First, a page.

Speaker 1:

And that and I I I really think you know, I gave this talk a decade ago on corporate open source antipatterns. And I I said actually that I was I would come back in in 2022 to talk about, you know, the new mistakes that we had made. And I I really feel that first among them is relicensing. I I I think that there is a social contract here that is, being set aside. And I think especially for those folks that contributed.

Speaker 1:

And, Adam, you mentioned you'd you'd contributed at some point to Terraform. I'm sure Josh, you, Malcolm, and Corey, and you've got plenty of folks who have. Those folks assigned their copyright to Hashicorp. And to me, that assign because Hashicorp demanded it. And to me, that assignment of copyright bounded that relationship by trust.

Speaker 1:

Like, I am now trusting you to, to exercise my intent, which is to keep this open source under the MPLB 2.

Speaker 5:

I also think,

Speaker 1:

Go ahead.

Speaker 5:

One reason there's so much talk about Terraform versus bulk or anything like that is Terraform is different in that it benefits for more users. You get more people writing providers, more people writing tools on top of it. Whereas Vault and console, those sort of benefit from enough people to keep the the code being developed. But Terraform is really it's a it's a language. It's a compiler to turn HCL into infrastructure, and I think that's different.

Speaker 5:

And those are more community projects rather than just products.

Speaker 1:

Absolutely. And I I do think and that's why I am I mean, I think this was a a bad idea, poorly implemented. But one of the the kinda complexions of poor implementation here is the fact that this was done across this entire very disparate suite. So it's very hard to kinda suss out the intent. And I had kind of assumed, although now, you know, I'm really questioning that assumption that Terraform was kinda collateral damage on the way to going to monetize alt, to or or or to prevent AWS, for example, or a cloud provider, from having a vault based service.

Speaker 1:

But, it kinda sounds like that's not the case, honestly, and which is really it's it it it however you cut it, it it violates the trust that is so important in open source. I mean, Adam, you'd kind of said this point earlier about, like, you know, when they're everything they kinda say in the FAQ is like, well, I'm I'm having some trust issues with you now. So, and, Josh, for you and Malcolm and Corey and and the the kind of the broader Terraform community, I mean, you almost feel like if at this point Ashley were to walk it back, I don't you feel that you still are would have some trust issues there?

Speaker 4:

I I definitely would. I probably have like the spiciest takes out of the group. So take, take some, take some, some Harper.

Speaker 5:

You're definitely the spiciest. Sorry.

Speaker 4:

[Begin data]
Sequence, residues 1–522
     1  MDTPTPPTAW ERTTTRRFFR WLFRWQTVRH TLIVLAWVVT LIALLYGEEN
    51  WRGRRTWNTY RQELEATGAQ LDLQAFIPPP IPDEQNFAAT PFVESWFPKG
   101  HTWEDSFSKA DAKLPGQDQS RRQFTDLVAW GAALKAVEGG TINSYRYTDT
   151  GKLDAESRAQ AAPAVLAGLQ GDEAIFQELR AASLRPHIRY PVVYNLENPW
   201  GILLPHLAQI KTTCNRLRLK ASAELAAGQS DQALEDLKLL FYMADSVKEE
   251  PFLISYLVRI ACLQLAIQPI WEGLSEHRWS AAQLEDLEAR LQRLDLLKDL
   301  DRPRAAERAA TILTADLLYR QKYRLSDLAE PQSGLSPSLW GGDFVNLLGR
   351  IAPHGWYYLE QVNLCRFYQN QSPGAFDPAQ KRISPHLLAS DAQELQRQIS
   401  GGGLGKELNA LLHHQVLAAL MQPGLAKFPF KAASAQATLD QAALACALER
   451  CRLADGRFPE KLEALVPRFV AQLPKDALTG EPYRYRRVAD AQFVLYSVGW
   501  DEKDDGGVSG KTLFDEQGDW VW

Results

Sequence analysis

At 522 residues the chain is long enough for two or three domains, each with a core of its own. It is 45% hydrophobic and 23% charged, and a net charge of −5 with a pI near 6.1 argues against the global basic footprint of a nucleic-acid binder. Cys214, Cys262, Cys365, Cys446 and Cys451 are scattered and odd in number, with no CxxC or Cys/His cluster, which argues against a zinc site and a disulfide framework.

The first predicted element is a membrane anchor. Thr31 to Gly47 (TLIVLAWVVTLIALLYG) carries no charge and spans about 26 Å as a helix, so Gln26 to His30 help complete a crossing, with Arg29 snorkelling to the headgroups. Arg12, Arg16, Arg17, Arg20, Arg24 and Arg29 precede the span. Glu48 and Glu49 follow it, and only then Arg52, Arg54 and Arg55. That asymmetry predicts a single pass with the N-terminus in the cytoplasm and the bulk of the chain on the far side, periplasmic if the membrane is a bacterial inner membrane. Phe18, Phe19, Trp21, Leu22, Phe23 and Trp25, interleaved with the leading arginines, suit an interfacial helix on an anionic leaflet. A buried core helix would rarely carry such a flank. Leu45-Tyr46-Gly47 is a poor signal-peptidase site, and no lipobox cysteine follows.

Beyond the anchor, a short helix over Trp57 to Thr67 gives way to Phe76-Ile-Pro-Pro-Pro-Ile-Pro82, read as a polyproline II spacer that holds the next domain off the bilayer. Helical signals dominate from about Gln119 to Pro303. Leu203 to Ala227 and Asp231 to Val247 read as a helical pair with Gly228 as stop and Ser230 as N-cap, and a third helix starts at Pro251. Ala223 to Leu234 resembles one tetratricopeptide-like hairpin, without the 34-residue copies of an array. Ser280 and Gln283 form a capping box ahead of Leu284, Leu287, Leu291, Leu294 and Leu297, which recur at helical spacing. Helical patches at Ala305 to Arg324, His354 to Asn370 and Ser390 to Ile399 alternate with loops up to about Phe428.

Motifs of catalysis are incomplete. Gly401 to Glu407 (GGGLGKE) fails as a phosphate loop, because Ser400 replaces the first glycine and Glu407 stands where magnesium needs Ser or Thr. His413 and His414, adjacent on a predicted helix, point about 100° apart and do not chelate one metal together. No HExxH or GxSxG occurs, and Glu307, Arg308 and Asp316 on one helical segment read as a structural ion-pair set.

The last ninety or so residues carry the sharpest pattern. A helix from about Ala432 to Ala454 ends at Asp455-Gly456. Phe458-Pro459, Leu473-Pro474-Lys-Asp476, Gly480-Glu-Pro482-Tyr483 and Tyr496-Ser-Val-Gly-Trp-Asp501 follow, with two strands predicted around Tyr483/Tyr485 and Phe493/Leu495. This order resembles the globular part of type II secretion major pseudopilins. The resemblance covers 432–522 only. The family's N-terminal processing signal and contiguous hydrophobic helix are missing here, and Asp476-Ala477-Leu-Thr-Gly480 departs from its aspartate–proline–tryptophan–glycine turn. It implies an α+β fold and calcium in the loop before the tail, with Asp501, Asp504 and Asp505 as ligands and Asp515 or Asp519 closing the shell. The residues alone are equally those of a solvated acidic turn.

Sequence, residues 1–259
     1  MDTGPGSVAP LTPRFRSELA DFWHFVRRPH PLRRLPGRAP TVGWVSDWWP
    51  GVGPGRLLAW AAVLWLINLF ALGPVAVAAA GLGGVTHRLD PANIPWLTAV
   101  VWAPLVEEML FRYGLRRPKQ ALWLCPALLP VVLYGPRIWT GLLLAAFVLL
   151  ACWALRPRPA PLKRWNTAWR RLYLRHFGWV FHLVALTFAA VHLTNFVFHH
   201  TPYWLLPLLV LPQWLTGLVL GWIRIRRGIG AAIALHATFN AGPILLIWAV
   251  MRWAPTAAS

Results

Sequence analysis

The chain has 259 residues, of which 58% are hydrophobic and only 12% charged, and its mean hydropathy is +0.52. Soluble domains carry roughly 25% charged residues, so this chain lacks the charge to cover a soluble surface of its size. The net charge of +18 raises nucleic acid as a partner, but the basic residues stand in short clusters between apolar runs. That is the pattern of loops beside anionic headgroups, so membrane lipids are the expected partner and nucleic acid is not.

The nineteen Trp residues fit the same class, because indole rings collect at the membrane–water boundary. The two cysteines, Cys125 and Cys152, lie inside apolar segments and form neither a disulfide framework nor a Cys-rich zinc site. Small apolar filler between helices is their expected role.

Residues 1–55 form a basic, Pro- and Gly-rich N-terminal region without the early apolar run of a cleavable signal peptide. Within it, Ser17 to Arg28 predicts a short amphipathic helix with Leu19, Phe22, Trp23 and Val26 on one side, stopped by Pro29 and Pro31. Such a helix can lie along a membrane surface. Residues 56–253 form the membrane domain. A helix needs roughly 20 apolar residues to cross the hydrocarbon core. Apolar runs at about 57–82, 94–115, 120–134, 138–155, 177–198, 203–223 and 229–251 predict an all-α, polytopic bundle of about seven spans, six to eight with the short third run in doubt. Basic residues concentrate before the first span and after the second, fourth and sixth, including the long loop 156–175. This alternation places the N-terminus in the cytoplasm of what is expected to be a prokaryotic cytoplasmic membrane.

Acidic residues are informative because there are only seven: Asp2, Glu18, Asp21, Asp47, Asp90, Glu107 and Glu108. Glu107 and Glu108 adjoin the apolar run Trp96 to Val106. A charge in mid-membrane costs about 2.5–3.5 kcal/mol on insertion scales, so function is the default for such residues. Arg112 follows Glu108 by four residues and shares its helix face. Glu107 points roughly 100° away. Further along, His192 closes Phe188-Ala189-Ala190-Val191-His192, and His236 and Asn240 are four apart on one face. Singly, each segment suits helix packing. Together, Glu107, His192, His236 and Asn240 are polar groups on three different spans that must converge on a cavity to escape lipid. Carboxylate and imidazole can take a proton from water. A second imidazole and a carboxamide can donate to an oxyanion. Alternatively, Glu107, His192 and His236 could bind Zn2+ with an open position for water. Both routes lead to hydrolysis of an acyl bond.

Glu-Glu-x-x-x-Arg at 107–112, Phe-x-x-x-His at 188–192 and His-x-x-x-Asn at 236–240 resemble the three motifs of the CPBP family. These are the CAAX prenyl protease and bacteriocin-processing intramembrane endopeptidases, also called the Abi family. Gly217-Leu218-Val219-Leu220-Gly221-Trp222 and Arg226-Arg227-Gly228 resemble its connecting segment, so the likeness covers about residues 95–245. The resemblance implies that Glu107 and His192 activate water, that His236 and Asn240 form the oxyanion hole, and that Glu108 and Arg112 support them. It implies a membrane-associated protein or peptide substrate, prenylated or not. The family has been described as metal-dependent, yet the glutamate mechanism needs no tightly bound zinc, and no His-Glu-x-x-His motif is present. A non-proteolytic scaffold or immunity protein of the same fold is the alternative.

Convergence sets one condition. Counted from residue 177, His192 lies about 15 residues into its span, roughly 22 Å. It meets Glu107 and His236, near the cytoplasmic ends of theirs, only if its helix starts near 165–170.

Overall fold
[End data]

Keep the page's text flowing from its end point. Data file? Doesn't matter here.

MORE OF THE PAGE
But, like, the trust I mean, I I wrote a blog post on Friday, kind of about this. I spent a lot of time watching, some videos of, Mitchell and Arman. I don't I don't know them personally, just to be clear. I I've watched a bunch of videos. I was trying to get, like

Speaker 3:

I mean, I'm

Speaker 4:

a founder of a very early stage company. Right? And so I was trying to, like, get an idea of, like, what, like, what happened. Right? And, like, trying to make a through line as to, like, where it went from this team of people that really cared about open source to where we landed.

Speaker 4:

And I don't know if you guys talked about this before I joined. I'm old, so it took me forever to get into Discord. But, like, there's a fallout that's happening right now. Like, CNCF is looking at pulling, HashiCorp tools from multiple, dev workflows for containerd, Kubernetes kind, Flux 2, Argo project. Like, there's a bunch of people that now have busy work, but they're gonna try to pull these tools out and replace them with CNCF equivalents so there's no issues.

Speaker 4:

Right? And so it's like like, this has ended up in a very weird place for a company that's so committed to open source. But I think that what's really telling about where HashiCorp is as a company today is, like, they were committed to open source. Sure. But we had the same panic 2 years ago when they announced they weren't taking PRs anymore because they were understaffed.

Speaker 4:

Does everybody remember that? Wow. Yeah. Oh, yeah. They stopped taking contributions.

Speaker 4:

They didn't ask for help. They didn't do a call for maintainers. They stopped accepting community is what they did. Right? Like, that's really what they did.

Speaker 4:

They stopped accepting community. And now in the light of of this happening, you see competitors and people in the space come together and offer resources. We're offering them the community they say that they want. But that that's, like, that's the thing that's really weird for me about, like, their commitment is, like, I feel like they don't have a commitment to open source. I don't think they really care about the community as much as they try to make it out to be in in this boost will change.

Speaker 4:

I think there's something else probably driving it, but, like, the community is here. Like, we want to help. We don't want a fork. We're contributing resources. We're offering things, and HashiCorp isn't accepting them.

Speaker 4: